HC Deb 12 April 1869 vol 195 cc575-6

said, he wished to ask the President of the Board of Trade, Whether it is not desirable that Annual Reports should be rendered by the Master of the Mint, and by the Marine, Commercial, Foreign, and Statistical Departments of the Board of Trade, the same in character as the present Annual Reports rendered by the Board of Customs and Board of Inland Revenue; and, if it would not be a measure of economy and convenience to discontinue the present separate publications of the Reports on Foreign Trade from Consuls Abroad and Secretaries of Legation, and issue quarterly, in a collected and. arranged form, all Reports received during the previous three months? He was aware that it was no part of the duty of the Board of Trade to issue these Reports.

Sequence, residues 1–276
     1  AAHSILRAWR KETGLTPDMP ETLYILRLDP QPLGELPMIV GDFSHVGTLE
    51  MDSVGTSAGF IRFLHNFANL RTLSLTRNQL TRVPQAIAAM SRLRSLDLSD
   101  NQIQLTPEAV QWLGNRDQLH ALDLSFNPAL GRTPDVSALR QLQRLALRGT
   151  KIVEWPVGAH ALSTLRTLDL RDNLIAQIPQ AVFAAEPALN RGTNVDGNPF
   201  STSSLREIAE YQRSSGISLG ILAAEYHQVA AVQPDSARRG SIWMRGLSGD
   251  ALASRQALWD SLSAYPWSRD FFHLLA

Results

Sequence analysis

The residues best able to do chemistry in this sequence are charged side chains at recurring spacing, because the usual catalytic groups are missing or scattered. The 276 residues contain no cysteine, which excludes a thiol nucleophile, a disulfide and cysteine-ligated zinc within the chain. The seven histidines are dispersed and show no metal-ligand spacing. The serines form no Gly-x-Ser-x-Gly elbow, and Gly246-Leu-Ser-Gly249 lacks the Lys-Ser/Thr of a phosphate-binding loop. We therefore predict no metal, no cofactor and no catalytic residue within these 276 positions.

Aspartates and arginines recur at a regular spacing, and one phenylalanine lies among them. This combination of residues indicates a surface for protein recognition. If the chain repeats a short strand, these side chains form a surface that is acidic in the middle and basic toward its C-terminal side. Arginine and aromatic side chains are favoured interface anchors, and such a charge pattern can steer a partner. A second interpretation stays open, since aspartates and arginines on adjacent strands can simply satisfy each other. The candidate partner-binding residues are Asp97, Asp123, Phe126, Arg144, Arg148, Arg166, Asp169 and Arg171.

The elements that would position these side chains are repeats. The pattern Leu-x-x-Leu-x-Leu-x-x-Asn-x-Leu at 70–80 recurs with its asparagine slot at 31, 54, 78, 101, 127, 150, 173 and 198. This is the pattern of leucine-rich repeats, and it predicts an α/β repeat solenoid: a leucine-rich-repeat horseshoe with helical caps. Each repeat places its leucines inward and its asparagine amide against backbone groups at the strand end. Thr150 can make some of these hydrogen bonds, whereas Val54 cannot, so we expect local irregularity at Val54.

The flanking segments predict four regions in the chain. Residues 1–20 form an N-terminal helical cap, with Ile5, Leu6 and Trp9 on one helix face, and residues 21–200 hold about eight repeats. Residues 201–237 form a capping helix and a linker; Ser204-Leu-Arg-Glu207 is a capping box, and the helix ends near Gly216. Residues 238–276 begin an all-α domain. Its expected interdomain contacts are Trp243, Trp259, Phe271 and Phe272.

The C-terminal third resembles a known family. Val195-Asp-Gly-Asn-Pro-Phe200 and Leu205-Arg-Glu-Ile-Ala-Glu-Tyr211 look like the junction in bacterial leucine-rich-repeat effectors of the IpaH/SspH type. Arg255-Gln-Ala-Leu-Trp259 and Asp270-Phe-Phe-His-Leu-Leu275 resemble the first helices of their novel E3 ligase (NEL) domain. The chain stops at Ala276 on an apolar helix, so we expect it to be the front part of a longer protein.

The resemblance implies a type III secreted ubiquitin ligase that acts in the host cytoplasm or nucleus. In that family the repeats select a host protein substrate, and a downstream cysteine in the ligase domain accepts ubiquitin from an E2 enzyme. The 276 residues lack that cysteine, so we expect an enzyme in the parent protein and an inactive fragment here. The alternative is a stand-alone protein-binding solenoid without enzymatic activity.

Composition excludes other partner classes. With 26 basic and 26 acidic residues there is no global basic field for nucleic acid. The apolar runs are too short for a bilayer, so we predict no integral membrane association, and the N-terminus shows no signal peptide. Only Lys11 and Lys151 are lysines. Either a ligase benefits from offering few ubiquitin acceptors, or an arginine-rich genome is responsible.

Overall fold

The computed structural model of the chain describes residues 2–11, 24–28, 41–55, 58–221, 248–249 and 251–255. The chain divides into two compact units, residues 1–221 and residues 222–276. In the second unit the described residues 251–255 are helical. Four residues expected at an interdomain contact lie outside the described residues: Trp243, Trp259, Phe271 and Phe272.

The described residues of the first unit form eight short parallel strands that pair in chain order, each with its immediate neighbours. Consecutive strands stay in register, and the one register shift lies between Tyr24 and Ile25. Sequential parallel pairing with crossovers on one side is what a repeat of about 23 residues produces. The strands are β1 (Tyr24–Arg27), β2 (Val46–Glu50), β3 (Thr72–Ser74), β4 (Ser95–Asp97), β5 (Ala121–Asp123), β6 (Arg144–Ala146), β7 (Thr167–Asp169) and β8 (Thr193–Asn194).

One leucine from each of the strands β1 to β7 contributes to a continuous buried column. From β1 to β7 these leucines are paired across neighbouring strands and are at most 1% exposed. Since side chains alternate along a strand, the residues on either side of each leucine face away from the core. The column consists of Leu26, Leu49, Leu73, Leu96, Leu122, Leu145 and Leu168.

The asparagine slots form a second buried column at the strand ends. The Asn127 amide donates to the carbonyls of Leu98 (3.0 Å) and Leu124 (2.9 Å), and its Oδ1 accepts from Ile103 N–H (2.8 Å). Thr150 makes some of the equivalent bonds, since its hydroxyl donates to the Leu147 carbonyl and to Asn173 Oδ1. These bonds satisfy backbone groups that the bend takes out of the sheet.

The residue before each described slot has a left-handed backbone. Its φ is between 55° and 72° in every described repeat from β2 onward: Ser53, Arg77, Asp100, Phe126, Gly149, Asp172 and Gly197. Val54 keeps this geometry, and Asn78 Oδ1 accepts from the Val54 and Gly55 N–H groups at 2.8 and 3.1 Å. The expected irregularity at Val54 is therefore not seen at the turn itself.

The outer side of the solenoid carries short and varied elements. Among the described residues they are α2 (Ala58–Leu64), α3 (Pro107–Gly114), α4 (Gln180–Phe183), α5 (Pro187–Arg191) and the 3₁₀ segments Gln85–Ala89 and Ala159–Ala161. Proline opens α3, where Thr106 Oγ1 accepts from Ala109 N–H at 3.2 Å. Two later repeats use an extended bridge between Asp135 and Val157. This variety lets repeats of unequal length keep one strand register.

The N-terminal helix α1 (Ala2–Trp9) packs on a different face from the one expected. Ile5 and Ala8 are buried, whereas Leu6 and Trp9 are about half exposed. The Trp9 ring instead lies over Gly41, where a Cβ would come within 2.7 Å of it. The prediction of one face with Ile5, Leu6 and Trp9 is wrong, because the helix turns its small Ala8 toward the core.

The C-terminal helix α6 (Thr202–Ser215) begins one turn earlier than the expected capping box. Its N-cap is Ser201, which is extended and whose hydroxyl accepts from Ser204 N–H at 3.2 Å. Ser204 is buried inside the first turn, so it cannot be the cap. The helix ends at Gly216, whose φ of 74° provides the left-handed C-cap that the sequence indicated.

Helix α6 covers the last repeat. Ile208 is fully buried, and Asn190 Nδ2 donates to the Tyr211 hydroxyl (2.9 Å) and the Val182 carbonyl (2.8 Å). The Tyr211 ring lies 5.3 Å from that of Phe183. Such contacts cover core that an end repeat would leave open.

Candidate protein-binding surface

Mr. Speaker, my hon. Friend in his Question has said what is very true—namely, that it is no portion of the duty of the Board of Trade to issue these Reports; but I am happy to be able to inform him that the Chancellor of the Exchequer has given orders that a Report with respect to the Mint should be prepared, and therefore as far as that part of the Question is concerned it is answered. With regard to the Foreign Department, I have a note from the Foreign Office, which I will read for the benefit of the House— The Reports of Secretaries of Legation and of Consuls are now published monthly, as received at the Foreign Office, the object being to place the information therein contained at the disposal of the commercial classes, with as little delay as possible. Originally, these Reports were only published whilst Parliament was sitting, and they could be formally presented to the House; but it was found that much information was thus postponed till too late to be of service. With the intention also of giving the earliest circulation, the Foreign Office supplies copies every month to the Chambers of Commerce." With regard to the Board of Trade, my own opinion is, it would not be very advantageous to produce a Report periodically of the proceedings of that Department, because they extend over a vast variety of subjects and go through numerous and almost numberless details. I have considered the matter myself, and the balance of my opinion goes in this way, that it would, not be desirable for the Board of Trade to make any such general and comprehensive Report as that hinted at in the Question of my hon. Friend.